You can enhance your meditation practice in several ways by using incense.
If you haven’t tried it, you may find it a game-changer – or at least a surprisingly nice addition.
Incense hit the historical scene about 6,000 years ago in Egypt, but most anthropologists believe humans on every continent spontaneously developed the sweet-smelling fire sticks at around the same time.
Back in BCE, people used incense for practical and spiritual purposes, and the Japanese took it one step further by developing kōdō — the “high art” of incense making.
Today, we’re looking at how to use incense sticks when meditating and the ways you can incorporate incense into your practice.
Why Do People Meditation with Incense?
Since ancient times, both meditation and incense have played significant roles in various Asian, African, Indian, and First Nation belief systems.
Over the last century, the practice has also become a feature of new-age traditions practiced worldwide.
A multi-purpose product used for myriad things — like enhancing meditation — incense has become ubiquitous. In some places, you can even pick up a box at the corner gas station.
So why do people light incense when meditating? Reasons abound, including:
- Point of Focus: Some people prefer to focus on the sweet smell and smoke swirls of incense instead of concentrating on breathing when meditating.
- Sense Engagement: Engaging the human senses during meditation can enhance different types of practices, and incense is an excellent way to excite the body’s olfactory system.
- Enhanced Spiritual Atmosphere: Nobody is sure why, but there’s just something spiritual about incense that makes a room feel more cosmically connected.
- Calming Fumes: Certain incense varieties promote calmness and relaxation.
- Timing Tool: Instead of setting an audio timer, advanced meditation practitioners will use a stick of incense as a timer.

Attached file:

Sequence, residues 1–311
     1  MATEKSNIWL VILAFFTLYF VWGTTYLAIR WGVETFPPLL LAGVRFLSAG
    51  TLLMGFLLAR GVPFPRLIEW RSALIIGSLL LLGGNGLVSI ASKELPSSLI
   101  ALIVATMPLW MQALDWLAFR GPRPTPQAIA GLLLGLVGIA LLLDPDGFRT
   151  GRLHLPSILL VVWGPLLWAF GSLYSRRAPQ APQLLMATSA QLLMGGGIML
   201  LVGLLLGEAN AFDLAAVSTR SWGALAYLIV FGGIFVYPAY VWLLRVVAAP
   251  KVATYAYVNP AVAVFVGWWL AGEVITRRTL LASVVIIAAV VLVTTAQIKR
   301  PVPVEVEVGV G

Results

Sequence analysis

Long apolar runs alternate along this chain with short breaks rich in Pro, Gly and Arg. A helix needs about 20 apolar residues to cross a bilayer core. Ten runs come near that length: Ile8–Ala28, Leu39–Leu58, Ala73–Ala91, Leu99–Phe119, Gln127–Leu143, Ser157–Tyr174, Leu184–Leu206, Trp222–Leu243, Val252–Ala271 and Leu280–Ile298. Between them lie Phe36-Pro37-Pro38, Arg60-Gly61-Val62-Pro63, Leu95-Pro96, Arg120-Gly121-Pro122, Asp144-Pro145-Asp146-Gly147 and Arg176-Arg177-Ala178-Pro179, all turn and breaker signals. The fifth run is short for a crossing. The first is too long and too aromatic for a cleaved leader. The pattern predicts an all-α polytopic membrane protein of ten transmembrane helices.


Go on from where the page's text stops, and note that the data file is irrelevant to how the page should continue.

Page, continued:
What Does Incense Do Spiritually?
Incense has long been linked to spirituality and religiosity.
Though most prevalent in — and associated with — eastern traditions, Catholics and Muslims also regularly use smoking scents like frankincense and myrrh in various rituals.
New Age adherents worldwide also incorporate incense into their practices and ceremonies.
What does incense do on the spiritual plane?
- Deepens attention and intention
- Increases spiritual focus
- Calms environment
- Clears negative energy (especially sage or copal)
- Incorporates fire elements into meditations (fire, water, earth, air)
What Incense Scents are Good for Meditation?
What are the best meditation scents?
Ultimately, personal preference will be your guiding light. But allow us to recommend the following incense for meditation options.
- Sandalwood: A favorite of Buddhist monasteries, sandalwood is a pleasant, earthy scent that calms the mind.
- Frankincense: Not only does frankincense soothe your nasal passages, but thanks to certain phytochemicals affecting the cerebral cortex and limbic systems, it also helps erode stress and improve concentration, making it an excellent calming incense for meditation.
- Lavender: Lavender balances the inner psyche, which can support a productive meditation session.
- Patchouli: People either love or loathe patchouli. Those who enjoy the scent find it calming and mood stabilizing. (Folks who hate it think it smells like bad body odor.)